With system twinning technology, you can keep tabs on how your products behave over time. This allows engineers to detect anomalies in the way these products interact with each other and make any necessary adjustments.
Process twins are digital representations of systems working together to create an entire production facility. They are not limited to physical objects; they help map out what goes on in the business world and provide data that can be used to predict potential problems before they happen.
Process twins represent different parts of a business, including machines, workflows and employees. Process twins allow companies to proactively identify risks and problem areas, leading to increased efficiency throughout all levels of the company. They help businesses identify bottlenecks, increase throughput, and cut costs.
Also see: Data Analytics Trends
Benefits of Digital Twins
The benefits of digital twins can be immense for any business. They allow for more efficient operations, faster response times, better demand forecasting, more cost-effective maintenance, rapid innovation, improved safety, and increased employee collaboration.
Even a small company can take advantage of the benefits that come from digital twins. However, it is essential to recognize that not every industry will have the exact needs for digital twins as other industries might have.
- Digital twins enable companies to optimize their operations on a granular level.
- It helps businesses be more efficient in optimizing the performance of their assets, resources, and personnel performance.
- They also help organizations save money by predicting problems before they happen.
- They give managers insight into critical KPIs that have historically been difficult to measure or monitor because there was no way for an organization to know what its equipment is doing 24/7.
- It also offers a visualization of real-time data, which means you can see events unfold as they happen and respond accordingly.
- It provides employees access to operational data, so they know what’s happening at any given time, leading to better communication among employees about potential issues and opportunities.
Use Cases and Examples of Digital Twins
Digital twins have been incredibly beneficial to manufacturing companies using 3D printing for decades. The best part is that the process is almost entirely automated with the help of artificial intelligence (AI).
In manufacturing, a digital twin provides a virtual representation of the modeled real-world objects or machines. If the AI-powered system detects an issue, it will automatically notify an engineer about what’s happening, so they can fix it before anything goes wrong.
Digital twins in the healthcare sector monitor the usage and maintenance of medical equipment like oxygen tanks, x-ray scanners, CT scanners, MRI machines, and dialysis equipment. Digital twins also help predict future equipment requirements based on the load on current equipment.
For example, suppose the digital twin detects that a piece of equipment has started malfunctioning due to aging. In that case, it will signal engineers accordingly, and they would switch over to another device while repairing the malfunctioned one.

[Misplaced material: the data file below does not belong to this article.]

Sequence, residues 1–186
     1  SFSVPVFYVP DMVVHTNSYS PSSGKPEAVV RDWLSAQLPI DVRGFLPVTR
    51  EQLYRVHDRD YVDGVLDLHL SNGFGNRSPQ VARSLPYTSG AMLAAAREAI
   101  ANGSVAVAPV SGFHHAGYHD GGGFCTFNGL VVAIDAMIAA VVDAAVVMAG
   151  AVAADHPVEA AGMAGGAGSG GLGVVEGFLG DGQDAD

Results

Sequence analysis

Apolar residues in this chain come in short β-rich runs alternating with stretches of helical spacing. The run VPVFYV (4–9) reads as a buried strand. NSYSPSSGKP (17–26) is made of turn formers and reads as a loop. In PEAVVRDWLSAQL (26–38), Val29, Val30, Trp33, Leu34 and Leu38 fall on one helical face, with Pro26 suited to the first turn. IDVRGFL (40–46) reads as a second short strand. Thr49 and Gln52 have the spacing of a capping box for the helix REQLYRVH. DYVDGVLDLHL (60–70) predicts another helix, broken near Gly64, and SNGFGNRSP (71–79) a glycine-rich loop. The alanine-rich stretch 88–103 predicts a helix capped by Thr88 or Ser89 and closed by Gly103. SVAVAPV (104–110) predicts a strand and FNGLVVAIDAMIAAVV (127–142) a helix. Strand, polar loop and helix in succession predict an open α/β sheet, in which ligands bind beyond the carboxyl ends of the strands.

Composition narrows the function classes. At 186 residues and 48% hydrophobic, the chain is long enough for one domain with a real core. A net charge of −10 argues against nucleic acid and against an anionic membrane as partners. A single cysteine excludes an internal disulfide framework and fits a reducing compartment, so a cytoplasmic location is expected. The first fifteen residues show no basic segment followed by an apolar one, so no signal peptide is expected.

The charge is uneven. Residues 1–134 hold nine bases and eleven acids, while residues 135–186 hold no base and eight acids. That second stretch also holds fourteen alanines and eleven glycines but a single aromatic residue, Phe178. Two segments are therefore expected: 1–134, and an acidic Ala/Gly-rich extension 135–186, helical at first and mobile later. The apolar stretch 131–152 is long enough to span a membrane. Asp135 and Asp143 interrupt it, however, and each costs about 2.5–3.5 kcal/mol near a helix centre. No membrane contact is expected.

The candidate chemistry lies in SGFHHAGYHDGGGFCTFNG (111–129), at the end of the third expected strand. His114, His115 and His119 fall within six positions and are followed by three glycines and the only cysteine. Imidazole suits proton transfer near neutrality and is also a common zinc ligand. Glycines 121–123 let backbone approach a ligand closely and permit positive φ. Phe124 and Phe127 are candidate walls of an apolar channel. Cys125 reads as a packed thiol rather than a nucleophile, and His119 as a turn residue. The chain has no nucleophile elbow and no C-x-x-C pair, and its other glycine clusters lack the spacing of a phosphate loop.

The supply chain industry could use digital twins to gain insight into its logistics system. A digital twin can be a virtual map of warehouses, ports, and distribution centers. Virtual mapping lets organizations know where products are at any time in the supply chain, so they can make more informed decisions.
These include knowing which warehouse is the most efficient to ship from, determining which order should come first when processing shipments, ensuring safety standards are met during transportation, and identifying risks along the way.
Building and construction
Construction sites across the globe are equipped with smart devices that measure everything from temperature, humidity, lighting levels, and air pressure. With data generated by these devices collated together in a digital twin simulation environment, builders now have access to comprehensive information about building designs and materials long before construction starts.
Digital twins are used in retail for customer modeling and simulations to improve customer experience. Customer data collected through digital twins gives retailers valuable information on shoppers’ habits and enables brands to create tailored marketing campaigns.
The Future of Digital Twins
In the future, digital twins will become commonplace in all industries. Enterprises will use them to make smarter decisions, reduce risk, improve efficiency, and provide consumers with a better experience.
According to Allied Market Research, the global digital twin industry is valued at approximately $6.5 billion annually, and it’s projected to reach $125.7 billion by 2030, growing at a compound annual growth rate (CAGR) of 39.48% from 2022 to 2030. This data reflects the immense potential of this technology as more companies leverage its capabilities.